- Tamagoyaki (Japanese rolled omelette)
- Kampyo (cooked and flavoured gourd strips)
- Shiso/Ooba (perilla leaves)
- Sakura dembu (a type of flaked fish)
And if you want to try making ehomaki with more unusual fillings, why not try some of these:
- Teriyaki chicken
- Teriyaki salmon
- Smoked salmon
- Tinned tuna/salmon
- Thinly sliced beef/pork (cooked and seasoned)
- Boiled shiitake mushrooms
The possibilities are endless! Let us know what 7 ingredients you used in the comments below!
General rules for eating ehomaki
There are a few rules to follow when eating ehomaki on Sestubun:
- Prepare enough ehomaki for each family member.
- Confirm this year's lucky direction (more info below).
- Facing the lucky direction, eat the ehomaki in silence while thinking about your wish.
- Eat the ehomaki whole without cutting it into pieces.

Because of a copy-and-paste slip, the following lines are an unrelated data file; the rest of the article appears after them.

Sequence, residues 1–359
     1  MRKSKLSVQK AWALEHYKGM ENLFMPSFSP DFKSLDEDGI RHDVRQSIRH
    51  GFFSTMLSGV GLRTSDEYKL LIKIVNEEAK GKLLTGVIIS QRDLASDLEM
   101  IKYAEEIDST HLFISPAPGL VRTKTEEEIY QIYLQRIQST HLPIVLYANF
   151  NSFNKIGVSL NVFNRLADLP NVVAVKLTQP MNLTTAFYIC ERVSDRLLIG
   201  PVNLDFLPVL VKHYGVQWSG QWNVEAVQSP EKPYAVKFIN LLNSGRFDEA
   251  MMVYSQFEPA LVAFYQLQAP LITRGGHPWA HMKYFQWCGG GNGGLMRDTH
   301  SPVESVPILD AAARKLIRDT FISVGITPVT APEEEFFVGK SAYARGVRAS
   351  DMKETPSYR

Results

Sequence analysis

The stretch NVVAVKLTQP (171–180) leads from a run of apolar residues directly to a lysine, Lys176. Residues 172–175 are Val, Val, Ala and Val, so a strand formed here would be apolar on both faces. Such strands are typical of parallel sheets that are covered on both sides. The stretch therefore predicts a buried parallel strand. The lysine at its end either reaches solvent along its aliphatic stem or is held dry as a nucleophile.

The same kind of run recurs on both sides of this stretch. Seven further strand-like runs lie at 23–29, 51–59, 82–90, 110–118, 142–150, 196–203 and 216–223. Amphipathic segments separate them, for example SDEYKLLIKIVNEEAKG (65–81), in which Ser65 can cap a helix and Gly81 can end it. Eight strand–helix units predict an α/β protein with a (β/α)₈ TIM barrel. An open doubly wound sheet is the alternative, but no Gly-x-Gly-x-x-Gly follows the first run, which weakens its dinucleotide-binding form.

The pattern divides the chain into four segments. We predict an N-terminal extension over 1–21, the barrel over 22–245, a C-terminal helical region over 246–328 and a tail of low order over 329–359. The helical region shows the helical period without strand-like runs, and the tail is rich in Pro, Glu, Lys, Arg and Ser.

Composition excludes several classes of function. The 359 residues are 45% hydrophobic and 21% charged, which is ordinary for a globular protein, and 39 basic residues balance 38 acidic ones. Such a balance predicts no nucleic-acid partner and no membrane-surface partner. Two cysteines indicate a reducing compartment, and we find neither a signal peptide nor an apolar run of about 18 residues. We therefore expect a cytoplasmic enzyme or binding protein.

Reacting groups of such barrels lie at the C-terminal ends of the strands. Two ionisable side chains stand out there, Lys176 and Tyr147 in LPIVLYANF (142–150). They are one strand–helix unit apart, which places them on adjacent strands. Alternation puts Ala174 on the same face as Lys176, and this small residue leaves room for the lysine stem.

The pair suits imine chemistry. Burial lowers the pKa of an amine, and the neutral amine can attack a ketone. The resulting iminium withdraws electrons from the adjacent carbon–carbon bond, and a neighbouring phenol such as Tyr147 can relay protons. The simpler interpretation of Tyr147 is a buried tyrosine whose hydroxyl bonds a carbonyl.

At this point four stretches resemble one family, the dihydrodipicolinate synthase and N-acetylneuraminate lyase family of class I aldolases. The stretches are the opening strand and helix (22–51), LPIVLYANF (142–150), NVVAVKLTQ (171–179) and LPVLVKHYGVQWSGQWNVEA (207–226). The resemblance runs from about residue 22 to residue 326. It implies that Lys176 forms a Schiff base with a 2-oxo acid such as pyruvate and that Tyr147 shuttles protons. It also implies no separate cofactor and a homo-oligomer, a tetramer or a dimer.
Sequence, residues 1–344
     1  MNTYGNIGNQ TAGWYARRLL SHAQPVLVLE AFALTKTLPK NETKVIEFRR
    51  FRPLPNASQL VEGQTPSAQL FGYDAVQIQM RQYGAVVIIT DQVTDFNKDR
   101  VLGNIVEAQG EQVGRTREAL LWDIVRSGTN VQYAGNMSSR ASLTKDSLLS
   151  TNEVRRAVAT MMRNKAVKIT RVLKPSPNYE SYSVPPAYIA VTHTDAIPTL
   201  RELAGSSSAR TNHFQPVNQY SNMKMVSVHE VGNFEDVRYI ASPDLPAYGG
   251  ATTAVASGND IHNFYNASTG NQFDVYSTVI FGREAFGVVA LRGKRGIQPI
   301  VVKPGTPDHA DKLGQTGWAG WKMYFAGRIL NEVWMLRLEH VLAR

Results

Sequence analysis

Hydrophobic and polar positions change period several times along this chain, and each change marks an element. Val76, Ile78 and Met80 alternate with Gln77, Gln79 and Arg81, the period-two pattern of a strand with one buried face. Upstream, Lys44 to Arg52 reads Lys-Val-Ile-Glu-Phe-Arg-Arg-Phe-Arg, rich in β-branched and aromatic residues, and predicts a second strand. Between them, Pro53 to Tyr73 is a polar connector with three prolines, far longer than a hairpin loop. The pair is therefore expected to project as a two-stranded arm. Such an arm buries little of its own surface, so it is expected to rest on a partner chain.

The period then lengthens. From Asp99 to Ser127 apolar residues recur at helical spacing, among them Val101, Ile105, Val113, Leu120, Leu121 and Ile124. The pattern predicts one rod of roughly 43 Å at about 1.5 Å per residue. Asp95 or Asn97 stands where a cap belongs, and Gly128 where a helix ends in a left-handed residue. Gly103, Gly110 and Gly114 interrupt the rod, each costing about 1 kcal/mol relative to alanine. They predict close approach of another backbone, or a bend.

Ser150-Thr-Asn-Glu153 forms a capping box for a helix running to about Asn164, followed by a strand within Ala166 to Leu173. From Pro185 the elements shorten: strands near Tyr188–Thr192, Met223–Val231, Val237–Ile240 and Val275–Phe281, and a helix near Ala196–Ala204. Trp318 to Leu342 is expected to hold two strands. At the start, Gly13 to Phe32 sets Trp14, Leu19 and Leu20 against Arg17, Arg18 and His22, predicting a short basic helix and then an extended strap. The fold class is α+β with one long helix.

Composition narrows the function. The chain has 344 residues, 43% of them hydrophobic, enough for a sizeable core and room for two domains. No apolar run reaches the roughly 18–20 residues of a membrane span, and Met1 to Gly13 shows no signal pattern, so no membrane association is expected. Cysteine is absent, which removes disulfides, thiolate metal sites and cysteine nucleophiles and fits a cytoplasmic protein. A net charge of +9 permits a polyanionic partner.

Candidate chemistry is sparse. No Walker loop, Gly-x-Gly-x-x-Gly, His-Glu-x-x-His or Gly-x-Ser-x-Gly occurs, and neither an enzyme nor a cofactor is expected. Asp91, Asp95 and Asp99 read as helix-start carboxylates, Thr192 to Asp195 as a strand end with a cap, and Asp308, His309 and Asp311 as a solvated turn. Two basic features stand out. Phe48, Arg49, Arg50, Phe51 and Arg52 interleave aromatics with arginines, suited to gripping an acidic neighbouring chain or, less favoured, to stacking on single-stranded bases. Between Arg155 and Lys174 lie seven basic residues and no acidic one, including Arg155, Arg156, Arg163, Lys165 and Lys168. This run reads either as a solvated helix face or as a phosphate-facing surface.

I know it's quite a superstitious idea, but it is believed that if you follow these rules, your wish will come true!
There are four possible lucky directions, "east-northeast", "west-southwest", "south-southeast", and "north-northwest".
You might be wondering why the direction changes each year and how it's decided.
Well, it's believed that the direction depends on the position of "Toshitokujin" (歳徳神) or "The God of the New Year".
Toshitokujin's position is decided by the Chinese counting system "10 heavenly stems and 12 earthly branches" which are the most important counting systems in the Chinese (lunar) calendar. (This system also decides the Chinese zodiac, ying/yang, element etc for each year.)
Fortunately you don't need to memorise the heavenly stems and earthly branches, there is also a way to figure out which direction is lucky using the Gregorian Calendar!
|Years ending with||Lucky Direction|
|0 or 5||West - Southwest|
|1, 3, 6 or 8||South - Southeast|
|2 or 7||North - Northwest|
|4 or 9||East - Northeast|
So using the chart above, you can see that the lucky direction for Setsubun in 2022 is north-northwest!
Why in silence?
People believe that if you speak while eating ehomaki, the luck will run away from you. So make sure to eat ehomaki in silence while thinking about your wish!